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Eye Opening Find

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Most of my blogs have been about works in progress, and while on vacation last week, I did a little writing on my current. Then I stopped, because I found I had not managed to copy my latest spreadsheet of characters to my notebook, didn't want to recreated it, and needed it for my next scene. So I had to simply enjoy my vacation.

But that isn't what this blog is about. I recently joined the Operations Committee of an organization devoted to carrying out the good works of my favorite author (long deceased). Several years ago, a biographer amassed a tremendous amount of source material, and the biographer has since passed away, leaving his entire body of research and writings to the organization. I agreed to help organize this vast amount of material, which runs to tens of thousands of computer files consuming terabytes of storage.

I only got a chance to look at samples of the material before I left on vacation, but I was excited at what I found. Included in the research material are the first drafts of most of the author's novels. I can quite literally compare the first draft to the published work and see the alterations made for both technical and word limit edits.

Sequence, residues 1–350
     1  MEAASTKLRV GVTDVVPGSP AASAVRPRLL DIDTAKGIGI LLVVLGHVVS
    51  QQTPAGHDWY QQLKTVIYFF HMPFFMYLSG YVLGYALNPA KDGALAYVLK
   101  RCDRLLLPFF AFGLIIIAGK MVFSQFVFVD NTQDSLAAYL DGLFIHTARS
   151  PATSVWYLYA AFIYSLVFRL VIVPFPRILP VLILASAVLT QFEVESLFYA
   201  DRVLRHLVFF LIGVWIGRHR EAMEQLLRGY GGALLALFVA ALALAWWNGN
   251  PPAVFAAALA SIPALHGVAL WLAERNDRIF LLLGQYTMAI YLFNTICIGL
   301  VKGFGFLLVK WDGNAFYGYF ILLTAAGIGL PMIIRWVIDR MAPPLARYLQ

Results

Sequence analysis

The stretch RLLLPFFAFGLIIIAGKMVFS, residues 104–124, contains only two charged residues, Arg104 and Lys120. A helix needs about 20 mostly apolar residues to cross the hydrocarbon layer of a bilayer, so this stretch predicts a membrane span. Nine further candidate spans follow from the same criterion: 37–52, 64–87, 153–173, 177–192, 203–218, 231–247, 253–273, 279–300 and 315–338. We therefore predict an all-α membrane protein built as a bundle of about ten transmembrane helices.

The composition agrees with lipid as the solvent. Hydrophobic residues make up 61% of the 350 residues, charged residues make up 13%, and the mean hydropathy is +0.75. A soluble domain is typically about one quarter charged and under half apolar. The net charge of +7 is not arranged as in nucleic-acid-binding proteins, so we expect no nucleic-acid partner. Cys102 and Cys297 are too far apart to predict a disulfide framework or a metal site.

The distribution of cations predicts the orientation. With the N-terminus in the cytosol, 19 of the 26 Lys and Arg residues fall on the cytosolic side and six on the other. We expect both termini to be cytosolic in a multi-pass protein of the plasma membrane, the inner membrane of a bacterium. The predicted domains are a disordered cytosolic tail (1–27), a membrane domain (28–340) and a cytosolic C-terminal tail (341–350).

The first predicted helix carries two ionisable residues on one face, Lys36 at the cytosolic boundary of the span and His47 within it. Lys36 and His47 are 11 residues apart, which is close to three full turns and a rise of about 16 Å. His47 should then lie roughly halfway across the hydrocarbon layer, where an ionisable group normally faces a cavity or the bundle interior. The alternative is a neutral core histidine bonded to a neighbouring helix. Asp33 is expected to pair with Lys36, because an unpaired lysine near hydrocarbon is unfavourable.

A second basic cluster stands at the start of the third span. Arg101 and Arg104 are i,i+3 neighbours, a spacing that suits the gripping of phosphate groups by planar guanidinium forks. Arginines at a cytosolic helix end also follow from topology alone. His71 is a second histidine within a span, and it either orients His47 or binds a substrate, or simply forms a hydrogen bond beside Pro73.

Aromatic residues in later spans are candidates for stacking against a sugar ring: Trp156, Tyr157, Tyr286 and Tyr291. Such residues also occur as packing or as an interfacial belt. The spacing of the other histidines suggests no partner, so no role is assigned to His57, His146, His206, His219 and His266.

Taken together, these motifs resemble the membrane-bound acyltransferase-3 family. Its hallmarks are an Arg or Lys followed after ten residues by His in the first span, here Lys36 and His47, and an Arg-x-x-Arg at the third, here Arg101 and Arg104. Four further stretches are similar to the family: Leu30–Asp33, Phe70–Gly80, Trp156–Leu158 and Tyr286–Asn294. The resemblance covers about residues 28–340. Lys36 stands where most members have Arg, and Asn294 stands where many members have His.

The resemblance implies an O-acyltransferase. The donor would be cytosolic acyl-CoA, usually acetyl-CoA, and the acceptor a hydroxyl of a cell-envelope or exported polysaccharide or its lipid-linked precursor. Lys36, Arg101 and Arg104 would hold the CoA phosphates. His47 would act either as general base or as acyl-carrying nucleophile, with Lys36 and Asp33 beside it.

I first looked at my favorite novel, which was published at about 73,000+ words (and this is the novel I wrote a sequel to earlier this year). The first draft is purported to be 100,000 words. The first draft available to me is simply the typewritten pages scanned, by image, into a PDF file--so verifying the word count myself is not straightforward, but that doesn't matter.

When I saw that there were more than 25,000 words in cuts, it made me wonder if there were scenes cut from the first draft. That's the treasure you'd like to find in an unseen first draft, like deleted scenes from a favorite movie. I haven't read the entire first draft yet--just not in the cards while I was on vacation--but from what I have read, I don't think I'm going to find deleted scenes.

It looks like all the cuts, amounting to better than 25% of the first draft, are quite simply the elimination of extraneous modifying words and phrases.

This was not an early effort by the author. He'd routinely published at least one novel a year for almost a decade when he wrote this book, and was in demand by magazines for a decade before that. This was a veteran, best-selling author whose first draft had the same issues that my first drafts have, and your first drafts have.

That information was both enlightening and encouraging. I'm sure I'll write more about this as I continue to dig into both this novel and others.

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Updated October 18th, 2020 at 02:44 PM by vranger



  1. -xXx-'s Avatar
    and the works continue.
    in a good way.
    looking forward to hearing more
    about your explorations
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